From the Labs: Information Technology
New publications, experiments and breakthroughs in information technology–and what they mean.
3-D Without Glasses
A new kind of display can deliver 3-D images directly to multiple users
Source: “Backlight for View-Sequential Autostereo 3D”
Adrian Travis et al.
Society for Information Display 2010 Digest, 215-217
Results: Researchers at Microsoft created a thin TV display that can show a 3-D image simultaneously to two viewers, who don’t need to wear special glasses. The display can also send each of the viewers a different image.
Why it matters: Researchers and companies have been trying to develop 3-D displays that are more realistic, comfortable, and practical than the current technologies, most of which require cumbersome or expensive eyewear. Better ways to deliver 3-D images could lead to new consumer devices and more realistic teleconferencing.
Methods: The Microsoft researchers simplified an existing method of directing light to a particular viewer. The display is made of a plastic wedge with a liquid-crystal display screen in front of it. A camera on top of the display tracks each viewer’s gaze. Depending on where the viewer is looking, 30 light-emitting diodes in a row along the bottom of the display switch on and off to direct light into the wedge, which in turn directs it out of the LCD screen and toward a particular eye. The system can quickly send out light signals representing as many as four images. The images arriving at each of a viewer’s eyes differ slightly, making the video appear three-dimensional.
Next steps: The group is looking at other ways to use the display. If integrated into the backlight of a laptop screen, it could provide a way to toggle instantly between a private view, in which the backlight steers the images toward a single person’s eyes, and a shared view, in which the images shine out in all directions.
Computer systems in modern autos can pose a security risk
Source: “Experimental Security Analysis of a Modern Automobile”
Karl Koscher et al.
IEEE Symposium on Security and Privacy, May 16-19, 2010, Oakland, CA
Results: A group of researchers at the University of Washington and the University of California, San Diego, have demonstrated that it’s possible to take unauthorized control of a car’s embedded computer systems. After gaining access through the federally mandated onboard diagnostics port–located under the dashboard in almost all cars today–they could disable a vehicle’s brakes, stop its engine, or take control of its door locks, among other things.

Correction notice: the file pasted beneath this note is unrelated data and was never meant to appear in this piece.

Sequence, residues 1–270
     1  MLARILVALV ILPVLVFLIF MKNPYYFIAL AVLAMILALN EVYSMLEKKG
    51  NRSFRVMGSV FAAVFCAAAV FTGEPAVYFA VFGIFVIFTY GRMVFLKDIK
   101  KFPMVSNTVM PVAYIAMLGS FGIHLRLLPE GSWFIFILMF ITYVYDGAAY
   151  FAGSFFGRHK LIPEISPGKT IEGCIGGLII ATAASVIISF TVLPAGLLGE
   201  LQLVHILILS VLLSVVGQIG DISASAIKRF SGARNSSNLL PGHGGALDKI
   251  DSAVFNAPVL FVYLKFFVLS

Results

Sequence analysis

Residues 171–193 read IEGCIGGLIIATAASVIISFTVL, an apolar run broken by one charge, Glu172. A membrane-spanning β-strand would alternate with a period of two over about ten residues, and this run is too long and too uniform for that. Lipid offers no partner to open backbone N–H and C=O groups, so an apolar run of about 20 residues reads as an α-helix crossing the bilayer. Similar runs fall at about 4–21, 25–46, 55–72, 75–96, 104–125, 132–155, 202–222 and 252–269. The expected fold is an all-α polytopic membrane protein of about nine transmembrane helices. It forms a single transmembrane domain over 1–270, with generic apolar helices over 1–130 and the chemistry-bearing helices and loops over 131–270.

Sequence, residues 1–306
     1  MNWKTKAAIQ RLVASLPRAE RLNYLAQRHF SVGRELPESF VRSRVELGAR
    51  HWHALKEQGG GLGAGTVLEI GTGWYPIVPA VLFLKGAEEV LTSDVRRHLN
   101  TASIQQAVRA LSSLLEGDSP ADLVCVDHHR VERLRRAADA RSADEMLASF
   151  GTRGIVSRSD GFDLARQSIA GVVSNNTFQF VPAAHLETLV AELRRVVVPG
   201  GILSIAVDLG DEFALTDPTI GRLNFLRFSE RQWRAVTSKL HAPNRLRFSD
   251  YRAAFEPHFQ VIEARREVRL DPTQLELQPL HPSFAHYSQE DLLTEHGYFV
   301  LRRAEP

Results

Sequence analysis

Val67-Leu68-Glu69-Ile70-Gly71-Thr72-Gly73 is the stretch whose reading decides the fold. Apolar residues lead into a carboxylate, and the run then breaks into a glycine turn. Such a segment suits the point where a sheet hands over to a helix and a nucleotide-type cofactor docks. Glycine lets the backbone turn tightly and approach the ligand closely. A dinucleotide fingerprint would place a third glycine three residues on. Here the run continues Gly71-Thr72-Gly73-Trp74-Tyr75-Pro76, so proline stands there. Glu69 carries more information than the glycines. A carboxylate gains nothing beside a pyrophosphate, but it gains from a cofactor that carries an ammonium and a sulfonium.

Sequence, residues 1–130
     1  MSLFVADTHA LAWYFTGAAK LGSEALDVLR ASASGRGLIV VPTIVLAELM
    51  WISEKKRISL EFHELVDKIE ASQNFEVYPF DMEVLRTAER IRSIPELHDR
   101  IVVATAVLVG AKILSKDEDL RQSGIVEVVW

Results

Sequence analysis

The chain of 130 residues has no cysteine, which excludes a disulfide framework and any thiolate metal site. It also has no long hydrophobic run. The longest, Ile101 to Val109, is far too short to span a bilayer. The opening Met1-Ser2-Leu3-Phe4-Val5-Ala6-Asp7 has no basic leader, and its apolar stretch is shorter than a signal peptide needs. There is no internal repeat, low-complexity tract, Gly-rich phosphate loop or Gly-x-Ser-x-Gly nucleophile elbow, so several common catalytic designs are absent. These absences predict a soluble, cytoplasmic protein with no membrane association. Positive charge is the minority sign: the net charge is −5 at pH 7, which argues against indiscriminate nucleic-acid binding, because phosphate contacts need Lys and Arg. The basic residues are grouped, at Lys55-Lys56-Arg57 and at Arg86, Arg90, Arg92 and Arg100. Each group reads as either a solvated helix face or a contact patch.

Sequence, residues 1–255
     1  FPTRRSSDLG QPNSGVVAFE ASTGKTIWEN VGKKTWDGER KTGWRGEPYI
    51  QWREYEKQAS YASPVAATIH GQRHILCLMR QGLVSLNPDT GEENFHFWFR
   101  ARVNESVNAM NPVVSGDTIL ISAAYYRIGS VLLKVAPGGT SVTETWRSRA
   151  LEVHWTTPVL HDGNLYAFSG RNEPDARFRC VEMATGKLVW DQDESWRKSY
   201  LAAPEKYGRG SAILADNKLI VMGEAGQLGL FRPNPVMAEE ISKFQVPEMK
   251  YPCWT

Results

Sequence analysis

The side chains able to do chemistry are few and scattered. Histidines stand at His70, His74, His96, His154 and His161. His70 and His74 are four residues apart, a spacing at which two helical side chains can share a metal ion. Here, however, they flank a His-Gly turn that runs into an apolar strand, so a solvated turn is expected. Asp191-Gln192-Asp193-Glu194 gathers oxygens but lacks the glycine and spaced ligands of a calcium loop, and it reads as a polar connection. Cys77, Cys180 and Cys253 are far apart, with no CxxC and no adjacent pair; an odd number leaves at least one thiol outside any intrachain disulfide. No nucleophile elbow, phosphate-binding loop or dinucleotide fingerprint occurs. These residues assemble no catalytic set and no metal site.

Why it matters: A typical luxury sedan now includes 50 to 70 embedded computers controlled by about 100 megabytes of code. The researchers wanted to demonstrate the need for added security at a time when more of these computer systems are gaining wireless capabilities. For the most part, however, the hacks they’ve performed so far required physical access to the car. The possibility of interfering with a car’s computer remotely is a concern mainly for future models.
Methods: Without any special knowledge from the manufacturer, the researchers pulled the hardware from a car and ran standard security analyses such as fuzzing, which tests software to see if it’s possible to induce any glitches or strange behavior. They used this information to craft attacks that could take over and control systems on the car’s internal network. They tried out their attacks on a parked car and then in road tests to ensure that they were practical in the real world.
Next steps: Many of the techniques commonly used to protect electronic devices won’t transfer well to cars: a corrupted braking system, for example, can’t just shut down. The researchers hope to work with manufacturers to develop more appropriate security features.
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